The right panel is the Conversion of Saint Paul, which rival artist Giovanni Baglione sardonically called a “portrait of a horse” (Hinks 69). Saul (eventually Paul) was heading to Damascus to persecute Christians when all of the sudden the voice of Jesus called out to him, asking him to convert and join him and his disciples. The voice was so powerful that it knocked Saul off of his horse and blinded him for three days until he converted. Indeed, the horse in Caravaggio’s depiction takes up much of the canvas and there is a noticeable lack of action in the piece as Saul has already fallen to the ground and his elderly servant has tamed the reeling horse. Caravaggio used a limited narrative, retaining only necessary elements to create a dramatic effect. All action is contained in Saul who is utterly stunned, his arms reaching up and out towards the skies. The viewer should reflect on Saul’s internal conflict as the drama of his conversion is the focus of the story and this is clear because there are few distracting elements in the painting: the scene is shrouded in a mysterious darkness and there are only three figures involved. Once again Caravaggio uses light as a holy transmitter: in the top right corner light beams shoot down towards Saul, symbolizing Christ’s voice. Caravaggio’s rather understated take on the story is an unprecedented conception of conversion as his focus is on the saint’s response to the transcendental experience.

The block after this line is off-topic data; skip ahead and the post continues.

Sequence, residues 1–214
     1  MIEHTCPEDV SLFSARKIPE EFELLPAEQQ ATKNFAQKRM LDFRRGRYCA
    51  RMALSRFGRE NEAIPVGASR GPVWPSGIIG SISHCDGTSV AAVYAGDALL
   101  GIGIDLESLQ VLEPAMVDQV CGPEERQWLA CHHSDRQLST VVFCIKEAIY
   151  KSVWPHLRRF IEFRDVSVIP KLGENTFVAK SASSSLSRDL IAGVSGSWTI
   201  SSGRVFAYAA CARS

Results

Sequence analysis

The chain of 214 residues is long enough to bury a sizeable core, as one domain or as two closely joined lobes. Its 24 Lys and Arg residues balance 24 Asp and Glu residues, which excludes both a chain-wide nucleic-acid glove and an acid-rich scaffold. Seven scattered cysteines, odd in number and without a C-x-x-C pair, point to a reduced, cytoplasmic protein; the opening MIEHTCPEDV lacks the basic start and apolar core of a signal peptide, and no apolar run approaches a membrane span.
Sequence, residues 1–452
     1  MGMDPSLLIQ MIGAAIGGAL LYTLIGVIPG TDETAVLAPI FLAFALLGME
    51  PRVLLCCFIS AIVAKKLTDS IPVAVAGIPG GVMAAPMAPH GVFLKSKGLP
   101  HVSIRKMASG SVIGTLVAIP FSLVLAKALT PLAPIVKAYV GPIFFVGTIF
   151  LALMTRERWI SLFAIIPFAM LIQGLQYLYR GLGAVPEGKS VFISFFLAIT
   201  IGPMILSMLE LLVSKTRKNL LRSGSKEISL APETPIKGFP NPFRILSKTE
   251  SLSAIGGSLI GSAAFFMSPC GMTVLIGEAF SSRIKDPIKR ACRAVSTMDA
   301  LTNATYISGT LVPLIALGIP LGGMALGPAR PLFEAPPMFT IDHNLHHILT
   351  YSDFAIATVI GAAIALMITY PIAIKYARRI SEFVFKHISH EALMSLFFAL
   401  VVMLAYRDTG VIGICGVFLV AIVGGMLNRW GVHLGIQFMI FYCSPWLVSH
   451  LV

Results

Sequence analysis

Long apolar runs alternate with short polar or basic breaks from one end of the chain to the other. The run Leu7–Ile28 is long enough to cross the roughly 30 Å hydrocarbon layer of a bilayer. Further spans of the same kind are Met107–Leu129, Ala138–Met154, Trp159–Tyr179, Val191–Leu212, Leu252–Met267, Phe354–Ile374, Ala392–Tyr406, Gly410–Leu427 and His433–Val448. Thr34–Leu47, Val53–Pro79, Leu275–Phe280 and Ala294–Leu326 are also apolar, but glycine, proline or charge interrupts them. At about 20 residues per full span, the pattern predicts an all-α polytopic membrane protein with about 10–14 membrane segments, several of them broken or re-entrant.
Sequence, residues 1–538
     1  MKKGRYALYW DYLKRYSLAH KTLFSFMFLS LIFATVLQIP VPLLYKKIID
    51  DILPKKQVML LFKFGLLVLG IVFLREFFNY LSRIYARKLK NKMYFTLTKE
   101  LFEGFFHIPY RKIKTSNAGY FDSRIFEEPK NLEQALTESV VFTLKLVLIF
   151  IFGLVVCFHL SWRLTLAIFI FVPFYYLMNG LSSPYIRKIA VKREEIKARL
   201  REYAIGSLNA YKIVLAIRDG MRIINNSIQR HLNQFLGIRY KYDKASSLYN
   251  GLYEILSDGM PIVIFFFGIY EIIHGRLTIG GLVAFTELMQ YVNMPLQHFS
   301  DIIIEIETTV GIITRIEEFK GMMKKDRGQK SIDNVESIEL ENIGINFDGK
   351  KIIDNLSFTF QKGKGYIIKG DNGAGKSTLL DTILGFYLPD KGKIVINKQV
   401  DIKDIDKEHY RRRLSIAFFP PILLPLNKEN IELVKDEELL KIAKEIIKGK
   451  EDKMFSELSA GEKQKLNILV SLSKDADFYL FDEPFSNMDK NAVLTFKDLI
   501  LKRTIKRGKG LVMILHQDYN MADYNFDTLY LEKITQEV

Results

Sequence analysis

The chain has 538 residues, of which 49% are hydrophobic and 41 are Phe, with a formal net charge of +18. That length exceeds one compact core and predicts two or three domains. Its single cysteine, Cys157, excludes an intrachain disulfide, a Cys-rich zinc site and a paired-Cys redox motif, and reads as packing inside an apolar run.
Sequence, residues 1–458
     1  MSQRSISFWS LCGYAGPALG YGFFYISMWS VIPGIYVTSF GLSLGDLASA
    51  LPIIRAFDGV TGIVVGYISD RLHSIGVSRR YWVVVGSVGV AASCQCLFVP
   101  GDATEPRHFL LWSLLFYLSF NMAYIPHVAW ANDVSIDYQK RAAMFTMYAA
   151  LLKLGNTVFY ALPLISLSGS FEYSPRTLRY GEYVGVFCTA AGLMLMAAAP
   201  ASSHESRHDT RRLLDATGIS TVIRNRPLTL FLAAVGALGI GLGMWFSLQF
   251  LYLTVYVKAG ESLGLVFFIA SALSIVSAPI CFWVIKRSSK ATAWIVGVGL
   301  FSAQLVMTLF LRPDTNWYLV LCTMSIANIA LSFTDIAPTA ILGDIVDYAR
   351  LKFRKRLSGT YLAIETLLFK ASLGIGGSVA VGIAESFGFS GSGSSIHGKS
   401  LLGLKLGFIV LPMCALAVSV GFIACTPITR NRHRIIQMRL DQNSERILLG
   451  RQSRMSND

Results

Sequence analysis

The Crucifixion of Saint Peter on the opposite wall also relies on “minimal means” to achieve a poignant and meaningful portrayal of the crucifixion (Hinks 67). Like the Conversion, there is an absence of any descriptive setting as the background is very dark and light shines diagonally from the right mostly onto Peter’s face. The black rock in the background probably represents Peter, for he is the rock on which the Church was founded (Puglisi 172). There is a great contrast of action and emotion seen between the workers lifting the cross and Peter: all action takes place in the men lifting the cross. They are anonymous workers doing their everyday job; they are dirty and straining hard and we never see their entire bodies because we view them from angles. Peter on the other hand, is in full view and Caravaggio paid careful attention to his body: it truly is the body of an old man, with thin skin, a flabby torso, and a balding and wrinkled head. He has a look of despair laced with insolence on his face as he gazes towards his nailed hand. He contemplates his imminent death and seems slightly uncertain of the last few hours of his life. Peter’s story is about humiliation as he thought it wrong to be crucified in the same manner as Christ, insisting that he be crucified upside down. The poor, ugly workers and Peter’s miserable countenance reminds the congregation that this was not a heroic execution but a wretched and humiliating crucifixion.